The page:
From the ICAO’s point of view, these five methods are equivalent for the application of CORSIA and reflect established practices. That’s why ICAO gives aircraft operators the possibility to choose the method, that best fits the existing methods for recording the fuel consumption.
An aircraft operator can use different methods of monitoring fuel consumption for different types of aircraft in its fleet. If an aircraft operator wants to change a monitoring method, he must indicate the change in the monitoring plan and have it approved by the relevant authority.


For European aircraft operators, CORSIA reporting, the emissions report for the European Emissions Trading System and the verification report by the verification body can be issued together, on March 31 of the following year.


Verified emissions reports are to be submitted annually at the same time as the verification reports to the verification body to the responsible government agency. Both the operator and the verification body submit independently their reports.

The following deadlines apply:

  • 2019 and 2020: May 31 of the following year
  • 2021 to 2035: April 30 of the following year.

The national authorities forward the emissions reports of all participating aircraft operators to the ICAO no later than three months after the submission deadline.


Participating in CORSIA, aircraft operators must meet their compensation requirements by deleting eligible emission units (see above) in an amount that corresponds to the total compensation requirements of the relevant reporting period.
The cancellation obligation can only be done with the use of emission units (eg offset certificates) that have been declared admissible after an evaluation procedure by the ICAO Council . The issue units are acquired on the market through purchase.
The CORSIA SARP define quality criteria for the evaluation of the emission units. These include:

  • Credits must represent additional emission reductions (additionality)
  • It must be ensured that the offsets used in CORSIA are not also counted in national target achievements of emissions reductions (avoidance of double counting).
  • Projects must not violate local / regional / national rules and should prove that social concerns and environmental requirements are taken into account (e.g. resettlements for dam projects).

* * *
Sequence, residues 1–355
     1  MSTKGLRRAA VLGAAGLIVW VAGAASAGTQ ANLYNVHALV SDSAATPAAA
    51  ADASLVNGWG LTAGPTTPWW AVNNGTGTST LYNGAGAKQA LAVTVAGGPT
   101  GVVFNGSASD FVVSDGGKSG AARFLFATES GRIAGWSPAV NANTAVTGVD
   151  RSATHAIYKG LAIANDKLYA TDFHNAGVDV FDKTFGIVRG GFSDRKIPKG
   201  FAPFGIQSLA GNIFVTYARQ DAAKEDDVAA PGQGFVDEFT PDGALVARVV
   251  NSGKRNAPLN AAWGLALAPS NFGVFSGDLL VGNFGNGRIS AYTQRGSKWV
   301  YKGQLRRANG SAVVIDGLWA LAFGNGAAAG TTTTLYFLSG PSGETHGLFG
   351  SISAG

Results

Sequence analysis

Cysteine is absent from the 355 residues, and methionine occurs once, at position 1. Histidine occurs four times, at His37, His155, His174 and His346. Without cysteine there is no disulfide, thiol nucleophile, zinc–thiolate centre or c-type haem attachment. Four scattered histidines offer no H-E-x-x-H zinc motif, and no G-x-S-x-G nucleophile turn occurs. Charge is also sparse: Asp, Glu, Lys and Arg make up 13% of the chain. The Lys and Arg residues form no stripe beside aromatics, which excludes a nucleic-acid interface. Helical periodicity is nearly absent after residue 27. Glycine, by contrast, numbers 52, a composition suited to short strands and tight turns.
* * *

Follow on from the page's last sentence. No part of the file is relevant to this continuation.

Internationally supervised offset programs such as the Clean Development Mechanism (CDM) and future market mechanisms under the Paris Agreement are applicable. The same is valid for voluntary standards under the supervision of the private organizations (such as The Gold Standard or VERRA) or national offset programs (such as American Carbon Registry). An ICAO working group checks the suitability for use under CORSIA on the basis of defined quality criteria. The permissible offset emission units are published regularly by the ICAO.

From 2021, operators can reduce their CORSIA compensation requirements by claiming emission reductions from the use of sustainable fuels that are permitted in CORSIA. For this purpose, requirements are defined which regulate the use of the so-called CORSIA eligible fuels (e.g. necessity of purchase records, use of life cycle emission values, definition of emission reduction factors for every CORSIA-compatible fuel, valid sustainability certificate). So far, only the criteria for evaluating fuels have been published by the ICAO. A list of the permitted certification schemes for fuels has not yet been published.

At the EU level, the list of emission units that can be used under CORSIA still needs to be transposed into European law.

The first deletion of emission units by aircraft operators will take place no later than January 31, 2025. For this purpose, aircraft operators submit a verified deletion report to the competent state authority. After verification, it will be forwarded to the ICAO.

5. Our offer

The Müller-BBM Cert Umweltgutachter GmbH is accredited by the German Accreditation Service (DAkkS) for checking CORSIA emission reports and is approved by the ICAO for the verification of the same (list of verification bodies).

Our accreditation for European Emissions Trading according to DIN EN ISO 14065 and VO (EU) 2018/2067 also includes the verification of CORSIA-relevant emissions for aircraft operators from the EEA area.

Our verifications are effective and individually adapted to the needs of each of our customers. By combining different auditing techniques, we ensure an efficient audit. Our verifications include the effectiveness of your control systems, an analytical test of the logical integrity of your data, a reasonable number of random samples to ensure the systematic integrity of your report and a comparison with flight plan data. We are happy to offer you this profoundness in combination with the convenience of a flawless workflow for your emissions reporting.

Our fundamentals include competence, customer orientation, independence and reliability. They always stand in the focus of our verification activities.

Are you looking for a partner for your CORSIA verification? Or would you like to acquire more information?

We will be happy to make an appointment to explain our offer and / or clarify your questions about CORSIA and carbon offsetting.

You can also call us directly at:

We offer you the full scope of the required verification services and can look back on more than 15 years of experience from European Emissions Trading – verifications. With our knowledge, we support you throughout the entire verification process, from the on-site audit up to the verification declaration.

If you would like to find out more about our company and our references, have a look over here: